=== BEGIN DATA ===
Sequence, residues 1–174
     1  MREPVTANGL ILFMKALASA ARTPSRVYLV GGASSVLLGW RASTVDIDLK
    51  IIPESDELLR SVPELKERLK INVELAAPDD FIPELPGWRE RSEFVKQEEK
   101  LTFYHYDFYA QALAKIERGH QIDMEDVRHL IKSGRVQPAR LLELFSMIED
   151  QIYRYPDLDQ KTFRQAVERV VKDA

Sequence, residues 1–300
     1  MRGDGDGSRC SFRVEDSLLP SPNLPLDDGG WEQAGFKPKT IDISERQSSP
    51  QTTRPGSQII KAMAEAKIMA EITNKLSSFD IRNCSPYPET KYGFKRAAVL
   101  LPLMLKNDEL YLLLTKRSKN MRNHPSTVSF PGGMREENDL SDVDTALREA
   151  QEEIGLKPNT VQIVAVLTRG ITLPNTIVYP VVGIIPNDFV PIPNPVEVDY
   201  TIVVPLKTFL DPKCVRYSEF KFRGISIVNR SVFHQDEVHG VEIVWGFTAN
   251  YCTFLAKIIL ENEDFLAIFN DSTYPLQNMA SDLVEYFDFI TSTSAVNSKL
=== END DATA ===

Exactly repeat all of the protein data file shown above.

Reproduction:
Sequence, residues 1–174
     1  MREPVTANGL ILFMKALASA ARTPSRVYLV GGASSVLLGW RASTVDIDLK
    51  IIPESDELLR SVPELKERLK INVELAAPDD FIPELPGWRE RSEFVKQEEK
   101  LTFYHYDFYA QALAKIERGH QIDMEDVRHL IKSGRVQPAR LLELFSMIED
   151  QIYRYPDLDQ KTFRQAVERV VKDA

Sequence, residues 1–300
     1  MRGDGDGSRC SFRVEDSLLP SPNLPLDDGG WEQAGFKPKT IDISERQSSP
    51  QTTRPGSQII KAMAEAKIMA EITNKLSSFD IRNCSPYPET KYGFKRAAVL
   101  LPLMLKNDEL YLLLTKRSKN MRNHPSTVSF PGGMREENDL SDVDTALREA
   151  QEEIGLKPNT VQIVAVLTRG ITLPNTIVYP VVGIIPNDFV PIPNPVEVDY
   201  TIVVPLKTFL DPKCVRYSEF KFRGISIVNR SVFHQDEVHG VEIVWGFTAN
   251  YCTFLAKIIL ENEDFLAIFN DSTYPLQNMA SDLVEYFDFI TSTSAVNSKL